The SEC charged two former JPMorgan Chase traders on Wednesday with fraudulently overvaluing investments in order to mask massive losses in a portfolio they oversaw.
Javier Martin-Artajo and Julien Grout worked in JPMorgan’s Chief Investment Office, which created the Synthetic Credit Portfolio to hedge against adverse credit events.
Martin-Artajo and Grout were, under U.S. generally accepted accounting principles, required to mark the portfolio’s investments—primarily in credit derivatives indices and tranches— at fair value.
The SEC alleges, however, that when the portfolio started taking losses in early 2012 as a result of improved credit conditions, Martin-Artajo instructed Grout to maximize the value of hundreds of positions in order to hide their losses.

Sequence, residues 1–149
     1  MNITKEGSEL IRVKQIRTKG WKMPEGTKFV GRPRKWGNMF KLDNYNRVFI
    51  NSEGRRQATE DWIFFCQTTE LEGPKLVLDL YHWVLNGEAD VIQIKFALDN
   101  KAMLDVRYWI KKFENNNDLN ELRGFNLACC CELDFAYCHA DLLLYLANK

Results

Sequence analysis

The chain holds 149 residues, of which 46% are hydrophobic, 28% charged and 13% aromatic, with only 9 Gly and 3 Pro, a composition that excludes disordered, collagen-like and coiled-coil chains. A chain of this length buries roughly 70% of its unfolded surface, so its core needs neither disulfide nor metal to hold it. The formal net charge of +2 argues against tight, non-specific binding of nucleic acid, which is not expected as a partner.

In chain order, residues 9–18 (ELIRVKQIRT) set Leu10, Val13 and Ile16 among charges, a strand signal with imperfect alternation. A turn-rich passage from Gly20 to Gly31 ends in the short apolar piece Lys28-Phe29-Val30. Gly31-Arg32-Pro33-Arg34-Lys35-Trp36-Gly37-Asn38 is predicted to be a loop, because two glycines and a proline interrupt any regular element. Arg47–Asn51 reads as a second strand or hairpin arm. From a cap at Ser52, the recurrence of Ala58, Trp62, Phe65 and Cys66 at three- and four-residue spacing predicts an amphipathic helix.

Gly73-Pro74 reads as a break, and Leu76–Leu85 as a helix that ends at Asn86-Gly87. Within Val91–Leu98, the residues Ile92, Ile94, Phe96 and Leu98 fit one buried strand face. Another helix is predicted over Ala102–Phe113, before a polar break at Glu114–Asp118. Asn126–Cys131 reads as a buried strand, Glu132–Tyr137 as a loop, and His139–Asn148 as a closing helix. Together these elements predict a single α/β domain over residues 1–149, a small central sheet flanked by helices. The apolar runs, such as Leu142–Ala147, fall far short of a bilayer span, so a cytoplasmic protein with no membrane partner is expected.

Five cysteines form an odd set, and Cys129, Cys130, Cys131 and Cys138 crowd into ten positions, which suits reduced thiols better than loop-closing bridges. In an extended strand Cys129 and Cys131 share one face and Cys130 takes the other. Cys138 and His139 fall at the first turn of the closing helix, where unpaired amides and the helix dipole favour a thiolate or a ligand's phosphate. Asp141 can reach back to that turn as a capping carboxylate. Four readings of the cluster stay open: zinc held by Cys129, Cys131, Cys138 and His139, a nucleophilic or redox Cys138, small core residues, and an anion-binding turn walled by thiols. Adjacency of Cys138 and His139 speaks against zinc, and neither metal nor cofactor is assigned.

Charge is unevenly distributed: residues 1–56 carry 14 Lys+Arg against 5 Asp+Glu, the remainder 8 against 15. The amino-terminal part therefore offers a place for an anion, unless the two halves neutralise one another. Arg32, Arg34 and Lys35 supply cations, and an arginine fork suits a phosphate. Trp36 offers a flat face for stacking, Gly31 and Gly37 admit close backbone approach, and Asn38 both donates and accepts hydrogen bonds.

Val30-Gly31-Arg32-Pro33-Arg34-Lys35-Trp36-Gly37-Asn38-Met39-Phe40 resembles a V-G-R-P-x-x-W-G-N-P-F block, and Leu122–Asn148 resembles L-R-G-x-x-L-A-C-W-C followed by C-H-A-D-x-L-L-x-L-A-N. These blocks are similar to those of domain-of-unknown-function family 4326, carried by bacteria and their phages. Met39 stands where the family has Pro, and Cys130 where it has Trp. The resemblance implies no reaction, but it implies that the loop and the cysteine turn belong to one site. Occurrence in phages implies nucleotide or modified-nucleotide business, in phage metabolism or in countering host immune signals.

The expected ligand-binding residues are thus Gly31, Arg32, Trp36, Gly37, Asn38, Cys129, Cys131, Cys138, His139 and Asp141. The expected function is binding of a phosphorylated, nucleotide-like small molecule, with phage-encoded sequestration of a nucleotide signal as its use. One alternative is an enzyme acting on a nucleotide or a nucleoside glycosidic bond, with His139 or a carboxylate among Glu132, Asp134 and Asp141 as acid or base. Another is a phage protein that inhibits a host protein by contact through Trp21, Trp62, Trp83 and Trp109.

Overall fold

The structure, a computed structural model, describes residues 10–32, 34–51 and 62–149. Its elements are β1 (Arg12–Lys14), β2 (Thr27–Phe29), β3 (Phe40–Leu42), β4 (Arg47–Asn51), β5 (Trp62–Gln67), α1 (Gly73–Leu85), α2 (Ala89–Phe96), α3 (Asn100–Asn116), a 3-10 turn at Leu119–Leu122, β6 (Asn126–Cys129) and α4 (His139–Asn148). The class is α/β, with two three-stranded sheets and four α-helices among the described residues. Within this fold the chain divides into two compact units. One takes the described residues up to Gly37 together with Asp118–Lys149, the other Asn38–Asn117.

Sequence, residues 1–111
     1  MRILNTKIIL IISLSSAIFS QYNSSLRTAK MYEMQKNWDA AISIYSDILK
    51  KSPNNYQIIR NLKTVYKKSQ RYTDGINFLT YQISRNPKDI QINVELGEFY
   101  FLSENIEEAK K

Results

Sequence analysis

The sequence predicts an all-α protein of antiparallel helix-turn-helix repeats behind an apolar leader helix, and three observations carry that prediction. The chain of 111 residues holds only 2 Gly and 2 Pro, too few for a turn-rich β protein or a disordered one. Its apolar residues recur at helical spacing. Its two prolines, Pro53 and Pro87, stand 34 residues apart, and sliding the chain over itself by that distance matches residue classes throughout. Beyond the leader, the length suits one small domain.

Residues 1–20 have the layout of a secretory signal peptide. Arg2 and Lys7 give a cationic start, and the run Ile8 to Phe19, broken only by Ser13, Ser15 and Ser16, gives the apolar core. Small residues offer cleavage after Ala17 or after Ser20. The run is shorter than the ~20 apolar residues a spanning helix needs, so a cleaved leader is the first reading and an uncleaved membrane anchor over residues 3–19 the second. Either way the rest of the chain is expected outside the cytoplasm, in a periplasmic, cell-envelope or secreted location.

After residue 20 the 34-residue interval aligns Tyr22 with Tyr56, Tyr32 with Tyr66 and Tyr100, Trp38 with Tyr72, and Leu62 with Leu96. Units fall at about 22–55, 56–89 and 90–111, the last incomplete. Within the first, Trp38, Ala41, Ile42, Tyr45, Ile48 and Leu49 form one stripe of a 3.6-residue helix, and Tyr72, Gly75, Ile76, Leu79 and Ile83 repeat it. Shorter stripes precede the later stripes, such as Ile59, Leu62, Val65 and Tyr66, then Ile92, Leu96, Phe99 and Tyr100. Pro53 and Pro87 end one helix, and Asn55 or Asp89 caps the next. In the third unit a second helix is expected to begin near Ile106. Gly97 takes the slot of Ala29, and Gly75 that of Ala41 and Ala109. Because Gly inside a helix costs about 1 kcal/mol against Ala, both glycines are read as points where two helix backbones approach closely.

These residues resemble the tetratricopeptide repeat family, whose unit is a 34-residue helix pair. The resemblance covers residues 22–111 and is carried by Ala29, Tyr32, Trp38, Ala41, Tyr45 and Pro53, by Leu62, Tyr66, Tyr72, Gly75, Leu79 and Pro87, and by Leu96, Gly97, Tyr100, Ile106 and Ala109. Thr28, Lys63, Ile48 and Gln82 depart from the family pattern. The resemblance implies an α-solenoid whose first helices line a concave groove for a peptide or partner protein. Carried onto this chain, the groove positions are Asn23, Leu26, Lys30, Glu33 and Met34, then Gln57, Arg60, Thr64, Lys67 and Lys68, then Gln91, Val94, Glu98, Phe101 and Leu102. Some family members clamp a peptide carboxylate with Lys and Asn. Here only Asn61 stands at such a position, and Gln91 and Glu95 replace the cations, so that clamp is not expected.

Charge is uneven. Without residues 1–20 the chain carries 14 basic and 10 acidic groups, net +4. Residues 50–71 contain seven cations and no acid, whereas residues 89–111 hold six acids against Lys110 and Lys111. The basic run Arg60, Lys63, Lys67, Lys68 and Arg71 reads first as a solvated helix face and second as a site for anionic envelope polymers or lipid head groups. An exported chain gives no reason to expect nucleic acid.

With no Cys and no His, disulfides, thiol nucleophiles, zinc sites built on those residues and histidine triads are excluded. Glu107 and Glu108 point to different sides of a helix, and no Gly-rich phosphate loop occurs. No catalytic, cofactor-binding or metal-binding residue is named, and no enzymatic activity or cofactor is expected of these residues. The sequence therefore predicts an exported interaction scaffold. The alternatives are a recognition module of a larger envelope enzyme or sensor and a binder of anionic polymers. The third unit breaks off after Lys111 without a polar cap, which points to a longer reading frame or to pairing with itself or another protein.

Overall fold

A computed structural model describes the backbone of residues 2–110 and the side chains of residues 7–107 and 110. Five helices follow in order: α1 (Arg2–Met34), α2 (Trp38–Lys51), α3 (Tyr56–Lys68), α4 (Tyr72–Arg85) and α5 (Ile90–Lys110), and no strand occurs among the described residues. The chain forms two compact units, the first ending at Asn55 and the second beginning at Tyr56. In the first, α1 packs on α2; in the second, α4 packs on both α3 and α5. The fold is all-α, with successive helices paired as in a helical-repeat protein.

The alleged scheme reportedly caused the bank’s first quarter income before income tax expense to be overstated by $660 million.
U.S. officials also plan to pursue criminal charges against Martin-Artajo and Grout.
“The trading instruments were complex but these traders had a simple rule to follow: tell the truth about their fair value,” George S. Canellos, the co-director of the SEC’s Division of Enforcement, said. “Yet these traders brazenly accumulated a massive position in derivatives with lax oversight, and then lied to cover up their massive losses when the market turned against them.”